PARIS (Reuters) - A French “right to die” advocate refused permission for an assisted suicide has been found dead in the latest twist to a drama that has reopened a euthanasia debate the country thought it had concluded three years ago.
Officials gave no details on Thursday about how Chantal Sebire, 52, died late on Wednesday. She suffered from a rare and painful sinus tumor that robbed her of taste, smell and sight and made her eye sockets bulge out many times their normal size.
On Monday, a court in Dijon refused her request for medical help to die because that would breach medical ethics and an end-of-life law passed in 2005 that allows “passive euthanasia” but bars assisted suicide.
Government spokesman Luc Chatel said Jean Leonetti, the deputy from President Nicolas Sarkozy’s UMP party who wrote that law, would review it in the next few weeks to see “if there is now the will to go further than the law of 2005”.
The Sebire case, heavily covered by French media in recent weeks, has prompted calls for a new law allowing for exceptions to the assisted suicide ban in extreme cases. But just as many politicians warned that legalized euthanasia could be misused.
“We will have to act quickly, because exceptional cases like that of Chantal Sebire are occurring regularly,” Chatel said.
The euthanasia debate also occurs regularly in France, where polls show many sympathize with suffering patients seeking a painless death but balk at legalizing active euthanasia.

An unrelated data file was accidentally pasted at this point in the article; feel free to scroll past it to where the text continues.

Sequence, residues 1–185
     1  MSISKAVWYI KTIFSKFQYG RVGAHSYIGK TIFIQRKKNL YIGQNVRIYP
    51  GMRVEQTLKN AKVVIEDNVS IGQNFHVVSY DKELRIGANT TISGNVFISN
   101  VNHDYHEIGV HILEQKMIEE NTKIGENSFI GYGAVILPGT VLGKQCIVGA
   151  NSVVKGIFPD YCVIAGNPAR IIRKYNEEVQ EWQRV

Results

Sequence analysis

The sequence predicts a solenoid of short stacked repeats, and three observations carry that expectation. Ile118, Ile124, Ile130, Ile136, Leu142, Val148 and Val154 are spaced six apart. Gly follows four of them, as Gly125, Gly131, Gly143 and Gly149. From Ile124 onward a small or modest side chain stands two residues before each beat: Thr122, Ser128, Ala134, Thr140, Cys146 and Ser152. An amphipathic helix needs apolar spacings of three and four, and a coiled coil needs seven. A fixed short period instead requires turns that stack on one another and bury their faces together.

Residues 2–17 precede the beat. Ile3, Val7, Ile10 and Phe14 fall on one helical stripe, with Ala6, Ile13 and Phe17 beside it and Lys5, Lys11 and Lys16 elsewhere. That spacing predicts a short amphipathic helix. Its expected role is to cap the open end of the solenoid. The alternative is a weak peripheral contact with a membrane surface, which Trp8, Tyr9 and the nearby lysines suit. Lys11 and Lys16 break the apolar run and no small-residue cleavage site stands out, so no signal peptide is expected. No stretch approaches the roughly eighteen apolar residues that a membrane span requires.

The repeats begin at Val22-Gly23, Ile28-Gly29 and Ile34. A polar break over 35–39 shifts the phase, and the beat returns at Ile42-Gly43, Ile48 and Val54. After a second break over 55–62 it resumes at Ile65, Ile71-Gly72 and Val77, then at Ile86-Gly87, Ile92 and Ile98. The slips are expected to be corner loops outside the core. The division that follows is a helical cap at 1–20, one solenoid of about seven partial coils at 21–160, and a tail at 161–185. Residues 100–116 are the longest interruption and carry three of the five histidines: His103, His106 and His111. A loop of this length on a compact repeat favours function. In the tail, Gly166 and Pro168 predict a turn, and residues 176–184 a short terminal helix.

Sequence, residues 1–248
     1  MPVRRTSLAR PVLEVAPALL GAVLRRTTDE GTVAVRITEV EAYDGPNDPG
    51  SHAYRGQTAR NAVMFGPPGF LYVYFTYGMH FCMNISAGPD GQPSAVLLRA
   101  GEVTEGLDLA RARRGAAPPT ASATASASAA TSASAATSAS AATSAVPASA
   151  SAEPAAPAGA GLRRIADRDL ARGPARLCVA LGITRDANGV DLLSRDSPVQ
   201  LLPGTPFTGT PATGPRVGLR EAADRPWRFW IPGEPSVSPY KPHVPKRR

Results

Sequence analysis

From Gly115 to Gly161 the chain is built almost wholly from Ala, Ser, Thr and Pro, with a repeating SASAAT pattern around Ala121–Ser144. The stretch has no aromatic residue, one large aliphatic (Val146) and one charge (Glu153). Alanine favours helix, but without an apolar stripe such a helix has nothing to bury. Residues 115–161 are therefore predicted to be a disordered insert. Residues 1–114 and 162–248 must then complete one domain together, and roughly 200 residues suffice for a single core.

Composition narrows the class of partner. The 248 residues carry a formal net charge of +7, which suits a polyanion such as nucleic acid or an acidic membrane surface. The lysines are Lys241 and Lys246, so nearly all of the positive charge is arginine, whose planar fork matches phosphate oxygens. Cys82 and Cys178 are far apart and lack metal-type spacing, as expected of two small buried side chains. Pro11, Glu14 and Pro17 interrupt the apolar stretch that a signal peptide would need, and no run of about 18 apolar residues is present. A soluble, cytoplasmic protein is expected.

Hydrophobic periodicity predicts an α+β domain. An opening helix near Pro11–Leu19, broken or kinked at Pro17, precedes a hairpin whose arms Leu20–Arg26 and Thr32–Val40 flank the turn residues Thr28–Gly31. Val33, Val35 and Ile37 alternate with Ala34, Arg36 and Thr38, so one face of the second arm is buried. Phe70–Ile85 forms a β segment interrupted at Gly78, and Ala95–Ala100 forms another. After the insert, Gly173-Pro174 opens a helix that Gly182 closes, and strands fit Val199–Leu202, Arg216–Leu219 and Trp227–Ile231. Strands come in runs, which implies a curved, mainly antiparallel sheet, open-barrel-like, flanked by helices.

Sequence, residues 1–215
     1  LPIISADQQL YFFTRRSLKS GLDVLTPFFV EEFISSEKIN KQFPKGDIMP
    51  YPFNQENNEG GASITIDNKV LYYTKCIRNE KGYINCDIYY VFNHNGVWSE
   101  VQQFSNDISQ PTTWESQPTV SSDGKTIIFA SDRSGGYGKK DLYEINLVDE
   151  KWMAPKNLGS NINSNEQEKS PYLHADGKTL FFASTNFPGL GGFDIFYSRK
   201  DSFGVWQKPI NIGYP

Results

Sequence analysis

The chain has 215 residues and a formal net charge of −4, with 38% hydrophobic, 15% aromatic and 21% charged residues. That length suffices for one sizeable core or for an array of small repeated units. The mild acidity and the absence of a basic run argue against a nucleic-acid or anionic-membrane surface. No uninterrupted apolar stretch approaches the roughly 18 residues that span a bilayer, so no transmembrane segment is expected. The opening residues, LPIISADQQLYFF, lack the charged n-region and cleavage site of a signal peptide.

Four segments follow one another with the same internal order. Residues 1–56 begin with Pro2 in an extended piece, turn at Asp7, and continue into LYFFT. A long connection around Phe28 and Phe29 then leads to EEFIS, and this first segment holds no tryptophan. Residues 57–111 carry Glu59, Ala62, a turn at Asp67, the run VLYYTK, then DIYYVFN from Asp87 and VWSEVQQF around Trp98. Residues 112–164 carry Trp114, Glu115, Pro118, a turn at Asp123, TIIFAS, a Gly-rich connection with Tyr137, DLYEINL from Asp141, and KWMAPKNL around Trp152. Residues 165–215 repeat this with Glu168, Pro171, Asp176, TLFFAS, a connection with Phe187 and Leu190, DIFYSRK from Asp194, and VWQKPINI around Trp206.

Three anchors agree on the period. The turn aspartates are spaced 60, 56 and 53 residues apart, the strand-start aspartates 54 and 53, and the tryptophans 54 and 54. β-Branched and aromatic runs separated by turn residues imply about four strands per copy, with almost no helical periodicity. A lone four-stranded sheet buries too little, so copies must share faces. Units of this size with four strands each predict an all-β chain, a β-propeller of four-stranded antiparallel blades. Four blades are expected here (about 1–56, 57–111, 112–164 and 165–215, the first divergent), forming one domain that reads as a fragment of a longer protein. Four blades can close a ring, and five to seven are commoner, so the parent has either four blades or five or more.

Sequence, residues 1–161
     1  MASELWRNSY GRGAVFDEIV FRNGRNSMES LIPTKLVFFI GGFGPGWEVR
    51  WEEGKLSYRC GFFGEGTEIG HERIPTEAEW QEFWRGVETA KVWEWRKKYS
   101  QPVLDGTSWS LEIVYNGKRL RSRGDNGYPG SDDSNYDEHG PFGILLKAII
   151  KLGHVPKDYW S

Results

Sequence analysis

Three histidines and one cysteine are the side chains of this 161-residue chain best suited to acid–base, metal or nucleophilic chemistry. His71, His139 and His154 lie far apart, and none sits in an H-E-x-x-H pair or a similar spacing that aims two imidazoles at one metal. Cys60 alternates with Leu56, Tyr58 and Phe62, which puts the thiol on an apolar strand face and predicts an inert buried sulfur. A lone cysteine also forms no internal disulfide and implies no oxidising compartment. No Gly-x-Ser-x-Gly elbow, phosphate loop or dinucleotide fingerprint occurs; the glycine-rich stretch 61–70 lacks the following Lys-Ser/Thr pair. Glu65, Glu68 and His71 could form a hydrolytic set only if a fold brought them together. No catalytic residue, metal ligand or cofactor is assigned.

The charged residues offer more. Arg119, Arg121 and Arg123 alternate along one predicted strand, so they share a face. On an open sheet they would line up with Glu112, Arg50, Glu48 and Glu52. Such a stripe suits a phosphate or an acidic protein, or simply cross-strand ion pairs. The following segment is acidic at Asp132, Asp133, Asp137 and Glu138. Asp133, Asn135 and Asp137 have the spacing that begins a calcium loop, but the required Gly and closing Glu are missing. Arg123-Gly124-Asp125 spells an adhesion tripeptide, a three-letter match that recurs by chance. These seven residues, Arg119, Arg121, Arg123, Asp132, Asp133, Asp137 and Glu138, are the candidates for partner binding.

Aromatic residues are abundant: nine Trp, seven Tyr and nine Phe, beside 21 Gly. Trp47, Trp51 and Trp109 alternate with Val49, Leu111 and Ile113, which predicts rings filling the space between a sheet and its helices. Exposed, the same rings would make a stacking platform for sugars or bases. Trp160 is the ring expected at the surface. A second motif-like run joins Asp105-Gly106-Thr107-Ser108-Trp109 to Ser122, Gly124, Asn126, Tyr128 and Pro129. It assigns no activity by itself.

The 2005 law was passed after a mother helped a doctor end the life of her son who was left blind, mute and paralyzed after a road accident and campaigned for 2-1/2 years for permission to have a lethal injection.
Leonetti, who is also a medical doctor, said the 2005 law allowed doctors to sedate terminal patients heavily and wait for their death, but Sebire insisted on “active euthanasia”.
“I don’t know how Chantal Sebire died, but one could imagine that she took her own life,” Leonetti said on Thursday.
Health Minister Roselyne Bachelot, who opposes euthanasia, said the 2005 law was not understood and should be better explained to doctors and patients. “Active euthanasia means asking a doctor to administer death,” she said.
But Nadine Morano, the newly appointed state secretary for family issues, argued for a new law that would allow a panel of experts to decide on euthanasia in extreme cases.
Sarkozy, who has indicated he did not want to go beyond the 2005 law, has taken an interest in the case and met Sebire’s doctor on Wednesday only hours before she died.
Active euthanasia is legal in the Netherlands, Belgium, Switzerland and Luxembourg. French courts regularly rule against doctors who administer lethal drugs to end life but often spare them prison sentences as a gesture of mercy.
Opponents of euthanasia, including the Roman Catholic Church, say the sanctity of life overrides all other factors. Many also say a right to kill patients could easily be abused.
Editing by Giles Elgood